Recently, rolling backpacks have emerged on the scene as the thing to get. Surrounded by buzz that they eliminate strain on a child’s back and make walking to school more fun, plenty of parents have jumped onto the “rolly backpack” bandwagon. And they look fun; being reminiscent of luggage. They can make each departure for school feel like you’re jetting off on an airplane to a new adventure. But are they actually better for children? Should they be only for some children and not for others? Should schools be allowed to regulate whether or not they allow kids to have rolling backpacks? Deciding whether or not your buy a rolling backpack for your child may come down to whether or not your child needs one for physically reasons, and whether or not your school allows them. There is always the danger that even if your student wants and need a backpack, that they are not allowed one.
Are They More “Healthy?”
According to a study put out by the Consumer Products Safety Commission, more than three thousand children suffer every year from orthopedic problems caused by carrying heavy backpacks. When third graders are varying almost half their body weight in books, there is definitely a problem (though it might not necessarily be with the backpacks). Part of the problem also lies with the kinds of backpacks parents are buying for their children. With the plethora of advanced options, it’s a wonder anyone opts to buy the bottom-rack models. With cushioning for the back and shoulders, most children are perfectly fine with a regular pack. For those with chronic back problems, or who cannot handle the weight of their books, rolling backpacks are the best option.
There is of course, a separate danger with rolling backpacks. They are a tripping hazard. So while one child might have relief, in a crowded hallway, if another child isn’t looking where he’s going, a whole other problem is going to be created. Rolling backpacks are also easier to lose and leave behind, as they are not literally strapped to a child’s back. If your child is responsible enough to hang on to their own possessions, these packs with wheels are a viable option.
Do be aware that with anything that requires the hand to perform a prolonged task, like holding on to a handle, comes a whole gauntlet of ergonomic problems. The handle must be comfortable for a small hand to grasp and pull, and in case the child does have to carry the pack from time to time, you should be sure that this is not too tiresome, and that the backpack provides adequate support.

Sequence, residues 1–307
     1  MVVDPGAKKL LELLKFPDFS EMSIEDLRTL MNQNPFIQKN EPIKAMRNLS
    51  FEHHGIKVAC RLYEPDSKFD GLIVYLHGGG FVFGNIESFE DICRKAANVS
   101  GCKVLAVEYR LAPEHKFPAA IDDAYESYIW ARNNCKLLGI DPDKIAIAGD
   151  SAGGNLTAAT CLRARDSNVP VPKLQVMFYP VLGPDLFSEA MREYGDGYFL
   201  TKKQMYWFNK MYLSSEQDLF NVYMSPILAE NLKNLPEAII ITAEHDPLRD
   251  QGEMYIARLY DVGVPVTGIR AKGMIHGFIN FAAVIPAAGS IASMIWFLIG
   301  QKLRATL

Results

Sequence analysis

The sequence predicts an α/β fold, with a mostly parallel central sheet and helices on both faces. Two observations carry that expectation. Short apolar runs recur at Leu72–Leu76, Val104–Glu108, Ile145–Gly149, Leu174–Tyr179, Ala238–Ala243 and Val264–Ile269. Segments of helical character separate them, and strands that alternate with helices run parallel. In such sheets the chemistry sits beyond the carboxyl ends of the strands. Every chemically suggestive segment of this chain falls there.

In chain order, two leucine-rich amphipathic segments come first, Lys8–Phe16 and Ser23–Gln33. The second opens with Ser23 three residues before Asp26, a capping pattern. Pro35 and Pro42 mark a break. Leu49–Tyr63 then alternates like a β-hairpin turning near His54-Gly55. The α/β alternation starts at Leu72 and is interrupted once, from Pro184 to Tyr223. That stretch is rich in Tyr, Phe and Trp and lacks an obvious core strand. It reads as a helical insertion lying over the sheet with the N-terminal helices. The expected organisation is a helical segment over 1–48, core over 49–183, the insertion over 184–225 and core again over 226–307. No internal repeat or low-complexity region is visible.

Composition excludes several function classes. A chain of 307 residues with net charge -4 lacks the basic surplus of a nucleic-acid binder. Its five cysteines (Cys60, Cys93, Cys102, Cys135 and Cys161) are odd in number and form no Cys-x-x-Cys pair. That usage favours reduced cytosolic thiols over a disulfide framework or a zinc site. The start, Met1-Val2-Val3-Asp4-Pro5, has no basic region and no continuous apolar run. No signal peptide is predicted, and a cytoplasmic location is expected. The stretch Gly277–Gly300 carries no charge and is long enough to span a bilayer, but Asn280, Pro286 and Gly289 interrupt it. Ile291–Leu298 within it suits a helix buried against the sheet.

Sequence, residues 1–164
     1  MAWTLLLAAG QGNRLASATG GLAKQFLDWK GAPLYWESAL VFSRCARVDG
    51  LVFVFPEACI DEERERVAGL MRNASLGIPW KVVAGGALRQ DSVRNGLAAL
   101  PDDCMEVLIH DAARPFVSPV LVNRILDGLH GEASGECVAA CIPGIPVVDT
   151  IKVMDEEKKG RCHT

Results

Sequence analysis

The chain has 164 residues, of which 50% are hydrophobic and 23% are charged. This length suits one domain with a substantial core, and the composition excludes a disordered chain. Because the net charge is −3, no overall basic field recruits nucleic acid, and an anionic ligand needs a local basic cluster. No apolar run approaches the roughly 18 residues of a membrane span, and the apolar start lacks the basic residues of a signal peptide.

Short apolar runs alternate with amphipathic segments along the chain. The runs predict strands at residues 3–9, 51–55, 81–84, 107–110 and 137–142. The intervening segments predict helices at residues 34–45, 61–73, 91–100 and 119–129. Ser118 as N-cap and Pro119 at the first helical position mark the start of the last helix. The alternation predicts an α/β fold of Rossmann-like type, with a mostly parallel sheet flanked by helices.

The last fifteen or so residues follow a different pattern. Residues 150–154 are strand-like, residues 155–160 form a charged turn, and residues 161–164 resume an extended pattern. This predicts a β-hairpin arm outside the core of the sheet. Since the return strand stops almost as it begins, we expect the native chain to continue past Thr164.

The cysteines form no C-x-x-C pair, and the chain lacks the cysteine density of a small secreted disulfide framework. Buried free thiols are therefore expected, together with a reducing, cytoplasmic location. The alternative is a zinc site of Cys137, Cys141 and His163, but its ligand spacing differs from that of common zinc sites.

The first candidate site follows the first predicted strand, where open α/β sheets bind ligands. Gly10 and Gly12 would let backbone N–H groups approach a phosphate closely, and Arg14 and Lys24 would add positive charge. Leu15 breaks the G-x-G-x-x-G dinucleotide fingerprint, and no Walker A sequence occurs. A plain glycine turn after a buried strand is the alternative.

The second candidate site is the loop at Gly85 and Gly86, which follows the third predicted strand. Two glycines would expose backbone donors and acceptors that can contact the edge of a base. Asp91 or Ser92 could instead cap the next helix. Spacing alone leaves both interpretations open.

While the majority of school welcome rolling backpacks, some have banned them, as they can be a hazard in the hallways. If your school is one of these, it will probably make it clear on your “back to school” shopping list, or at the very least, on the school’s website. However, there may be other, less bureaucratic restrictions on whether or not your child can use a rolling pack. First, if your middle school or high school requires students to leave their bags in their lockers, many rolly packs are too wide to fit in the traditional locker. The solutions for this problem are two-fold. Either, ditch the pack and pick up a regular backpack, or find a teacher that will let your kid leave his backpack in her room for the day. Lots of schools won’t let anyone carry their bag around, for safety reasons, and very few are willing to compromise on this point.
Another restriction is the school’s terrain. This may seem ridiculous to some, but if your kid’s school is surrounded by rough terrain, this backpack is going to be beat up much more quickly than if it is just rolling around on smooth concrete and asphalt. Picking a version that has tough rubber wheels and reinforcement for the back and bottom is going to make all the difference when it comes to the rough and tumble school yard.
Just like any other backpack, rolling backpacks come in a wide range of styles and designs. Your child, like most children, probably has strong opinions about what looks cool and what doesn’t. Though they may want to feel like they are hurrying through airport, late for a flight as they tow their luggage, they probably don’t want to look like they are. While there are plenty of styles available, especially avoid ones that look like carryon bags. There’s no way that falls into the cool category. Rather, it looks like your parents didn’t want to buy you a new backpack, so they just dug some luggage out of storage and sent you on your merry way.
The final decision—whether or not to buy a rolling backpack—is going to come down to whether or not your school allows it, and then, secondly, whether or not your child needs or wants one. While they do alleviate the strain of carrying a too-heavy pack, they do create other hazards, and realistically, for the majority of children, as long as the backpack is not too heavy (less than twenty percent of the child’s weight), there is no real danger is carrying a standard backpack. For children that need them, and can fit them into their lockers, they are a great option for toting around all those heavy Algebra books.
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